If you’re trying to drive local traffic to your advisor websites, they must be optimized for mobile. More local searches are conducted on mobile devices and tablets than desktops and laptops. If your advisor websites are not mobile-optimized, your company will simply not show up in local search results. What’s more, Google now gives ranking preference to mobile-friendly sites, so this is an opportunity you don’t want to miss.

3. Streamline the way local teams access and share content

Although this tactic seems intuitive, it’s important to make it as easy as possible for local teams to access a rich library of corporate assets, campaign resources, and brand guidelines if you want to improve corporate-local brand alignment and visual consistency. By using a single, central technology for content selection, approval, and sharing across dozens of diverse local markets, you can have greater efficiencies and economies at scale in your marketing operations.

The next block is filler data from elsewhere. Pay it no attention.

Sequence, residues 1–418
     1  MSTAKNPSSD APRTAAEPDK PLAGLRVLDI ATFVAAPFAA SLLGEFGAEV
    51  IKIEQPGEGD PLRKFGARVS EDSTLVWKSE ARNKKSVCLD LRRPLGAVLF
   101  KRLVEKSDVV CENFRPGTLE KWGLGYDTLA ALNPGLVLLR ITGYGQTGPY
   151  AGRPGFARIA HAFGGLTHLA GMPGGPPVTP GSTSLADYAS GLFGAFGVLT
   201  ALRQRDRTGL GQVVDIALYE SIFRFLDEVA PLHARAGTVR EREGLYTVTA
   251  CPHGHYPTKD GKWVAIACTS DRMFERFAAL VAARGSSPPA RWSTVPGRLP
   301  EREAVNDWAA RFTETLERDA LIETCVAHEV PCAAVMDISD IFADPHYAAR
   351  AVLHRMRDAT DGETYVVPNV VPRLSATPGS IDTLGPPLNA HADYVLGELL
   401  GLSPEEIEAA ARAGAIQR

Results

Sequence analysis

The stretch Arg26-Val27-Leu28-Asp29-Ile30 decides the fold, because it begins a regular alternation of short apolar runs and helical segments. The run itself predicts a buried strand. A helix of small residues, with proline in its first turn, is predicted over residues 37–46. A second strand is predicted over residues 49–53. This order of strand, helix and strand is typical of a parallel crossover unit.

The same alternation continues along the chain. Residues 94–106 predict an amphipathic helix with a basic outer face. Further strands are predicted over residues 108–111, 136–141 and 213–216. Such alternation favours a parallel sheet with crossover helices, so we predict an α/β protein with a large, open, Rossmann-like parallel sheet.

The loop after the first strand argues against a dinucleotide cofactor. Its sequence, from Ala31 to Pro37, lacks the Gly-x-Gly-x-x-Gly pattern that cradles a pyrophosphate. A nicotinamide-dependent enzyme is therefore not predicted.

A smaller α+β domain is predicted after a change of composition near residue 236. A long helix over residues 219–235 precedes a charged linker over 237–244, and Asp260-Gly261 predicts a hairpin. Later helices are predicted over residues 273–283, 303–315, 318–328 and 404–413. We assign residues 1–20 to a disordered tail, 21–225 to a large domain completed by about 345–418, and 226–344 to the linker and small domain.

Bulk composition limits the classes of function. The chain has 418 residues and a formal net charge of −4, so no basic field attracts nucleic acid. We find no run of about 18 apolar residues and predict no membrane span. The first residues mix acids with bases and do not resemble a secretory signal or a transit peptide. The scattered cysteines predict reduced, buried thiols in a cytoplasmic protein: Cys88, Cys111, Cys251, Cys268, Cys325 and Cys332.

4. Deepen client relationships through personalized communications

Trust is a critical component in building lasting advisor-client relationships. In a digitally-crowded world it’s becoming harder and harder for clients to tune-out the noise from spam-like, non-personalized marketing communications — i.e. canned corporate jargon and non-relevant messaging from corporate brands. One way to meet this challenge is to rethink your approach to email by providing more personal and personalized experiences.

5. Integrate social media into your local events-based strategy

Finally, it’s important that you leverage the power of social media to amplify your advisors’ local events while raising awareness back to the corporate brand. This might include using Facebook, LinkedIn, or Twitter to amplify local promotions through the local community activities of your agents and advisors. Volunteering in community services days, participating in mentoring programs, or sponsoring a local sports Little League, for example, are all social media-worthy events that help establish your local teams as trusted professionals within their local communities.